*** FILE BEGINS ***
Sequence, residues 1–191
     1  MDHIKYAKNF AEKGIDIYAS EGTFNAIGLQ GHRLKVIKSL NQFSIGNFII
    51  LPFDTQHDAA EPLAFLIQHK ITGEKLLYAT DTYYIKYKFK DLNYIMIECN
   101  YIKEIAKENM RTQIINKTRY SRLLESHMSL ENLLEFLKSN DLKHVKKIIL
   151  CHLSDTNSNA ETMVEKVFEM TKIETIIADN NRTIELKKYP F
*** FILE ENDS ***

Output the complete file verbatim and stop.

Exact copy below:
Sequence, residues 1–191
     1  MDHIKYAKNF AEKGIDIYAS EGTFNAIGLQ GHRLKVIKSL NQFSIGNFII
    51  LPFDTQHDAA EPLAFLIQHK ITGEKLLYAT DTYYIKYKFK DLNYIMIECN
   101  YIKEIAKENM RTQIINKTRY SRLLESHMSL ENLLEFLKSN DLKHVKKIIL
   151  CHLSDTNSNA ETMVEKVFEM TKIETIIADN NRTIELKKYP F